Beaded poppies draw attention to aboriginal veterans
Royal Canadian Legion says poppy is trademarked symbol
The beaded poppy is the newest type of pin gracing jackets this Remembrance Day.
Supporters say beaded poppies honour all veterans, but also draw attention to the unique plight of aboriginal people who went to war.
"Aboriginal veterans did not receive the same rights and benefits as other veterans," said Karon Shmon, co-ordinator of publishing at the Gabriel Dumont Institute in Saskatoon. "So this is a way for the community, especially the Métis community, to say we always knew you were there and we honour the sacrifice that you made."
Shmon also noted that aboriginal veterans weren't allowed in the Legion until the 1970's, and had to give up their rights as status Indians in order to serve.
The supply of beaded poppies is limited, as they are produced by First Nations artisans. The Institute has distributed about 100 every year for the past six years, although Shmon said the poppies are ramping up in popularity.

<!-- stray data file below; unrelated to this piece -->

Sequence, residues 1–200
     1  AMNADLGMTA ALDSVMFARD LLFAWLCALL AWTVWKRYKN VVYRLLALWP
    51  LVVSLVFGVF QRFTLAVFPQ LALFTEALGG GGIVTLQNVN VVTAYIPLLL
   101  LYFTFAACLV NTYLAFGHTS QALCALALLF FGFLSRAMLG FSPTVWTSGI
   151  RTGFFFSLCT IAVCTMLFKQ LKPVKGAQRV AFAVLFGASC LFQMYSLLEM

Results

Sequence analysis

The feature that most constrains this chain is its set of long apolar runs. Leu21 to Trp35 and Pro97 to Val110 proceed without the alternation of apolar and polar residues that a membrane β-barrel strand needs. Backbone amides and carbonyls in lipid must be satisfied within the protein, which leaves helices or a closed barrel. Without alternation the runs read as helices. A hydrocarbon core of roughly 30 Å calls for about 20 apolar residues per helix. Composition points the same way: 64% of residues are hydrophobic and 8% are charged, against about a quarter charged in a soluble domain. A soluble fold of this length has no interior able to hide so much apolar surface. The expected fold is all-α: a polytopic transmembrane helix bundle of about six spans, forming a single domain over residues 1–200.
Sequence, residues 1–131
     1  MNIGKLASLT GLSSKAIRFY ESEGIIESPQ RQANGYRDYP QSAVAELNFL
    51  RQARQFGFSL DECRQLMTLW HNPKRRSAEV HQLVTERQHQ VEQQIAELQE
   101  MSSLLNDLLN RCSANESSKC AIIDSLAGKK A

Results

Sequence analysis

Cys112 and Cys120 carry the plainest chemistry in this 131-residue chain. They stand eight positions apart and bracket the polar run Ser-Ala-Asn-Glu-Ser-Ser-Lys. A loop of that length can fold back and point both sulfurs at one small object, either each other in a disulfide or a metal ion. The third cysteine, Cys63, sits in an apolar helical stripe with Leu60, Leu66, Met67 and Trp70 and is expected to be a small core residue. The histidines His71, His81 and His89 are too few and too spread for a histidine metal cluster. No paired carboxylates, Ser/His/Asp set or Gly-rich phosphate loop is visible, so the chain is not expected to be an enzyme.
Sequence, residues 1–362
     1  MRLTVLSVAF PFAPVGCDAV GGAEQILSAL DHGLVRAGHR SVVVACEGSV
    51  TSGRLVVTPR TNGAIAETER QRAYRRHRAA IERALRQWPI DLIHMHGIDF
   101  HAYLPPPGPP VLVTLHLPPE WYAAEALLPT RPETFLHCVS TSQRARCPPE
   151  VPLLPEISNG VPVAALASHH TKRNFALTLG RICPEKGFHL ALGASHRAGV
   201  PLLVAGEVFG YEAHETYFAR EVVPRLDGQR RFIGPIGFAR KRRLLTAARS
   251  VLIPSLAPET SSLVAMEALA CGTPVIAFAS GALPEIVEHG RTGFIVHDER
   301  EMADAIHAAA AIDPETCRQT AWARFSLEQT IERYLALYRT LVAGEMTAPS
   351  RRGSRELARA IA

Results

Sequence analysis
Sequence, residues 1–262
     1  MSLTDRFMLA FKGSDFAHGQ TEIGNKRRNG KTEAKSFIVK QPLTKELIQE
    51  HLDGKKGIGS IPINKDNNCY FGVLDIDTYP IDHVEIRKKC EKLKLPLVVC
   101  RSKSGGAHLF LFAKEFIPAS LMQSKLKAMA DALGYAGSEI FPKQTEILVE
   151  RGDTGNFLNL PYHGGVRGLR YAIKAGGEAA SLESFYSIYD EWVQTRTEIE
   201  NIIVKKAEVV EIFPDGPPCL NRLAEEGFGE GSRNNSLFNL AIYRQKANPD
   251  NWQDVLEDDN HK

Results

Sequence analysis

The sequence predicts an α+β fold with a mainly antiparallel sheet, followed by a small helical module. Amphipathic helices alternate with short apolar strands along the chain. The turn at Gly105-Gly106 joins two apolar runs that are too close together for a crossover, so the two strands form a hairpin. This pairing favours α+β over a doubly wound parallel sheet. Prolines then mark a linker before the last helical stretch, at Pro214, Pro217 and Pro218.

She added that the money the organization collects this year will go towards a monument honouring Métis veterans, to be erected in Batoche, Sask.
Legion not in favour of beaded poppy
Bill Maxwell, who speaks for the Royal Canadian Legion's poppy and remembrance committee in Ottawa, said the poppy is trademarked.
"If the family wants to make their own for very personal reasons, of course," Maxwell said. "But you know when they start to manufacture them or commercialize them that becomes something very different."
But Schmon said the beaded version is not meant to replace the traditional poppy pin. She encourages people who wear the beaded poppy to also donate to the Legion's fund.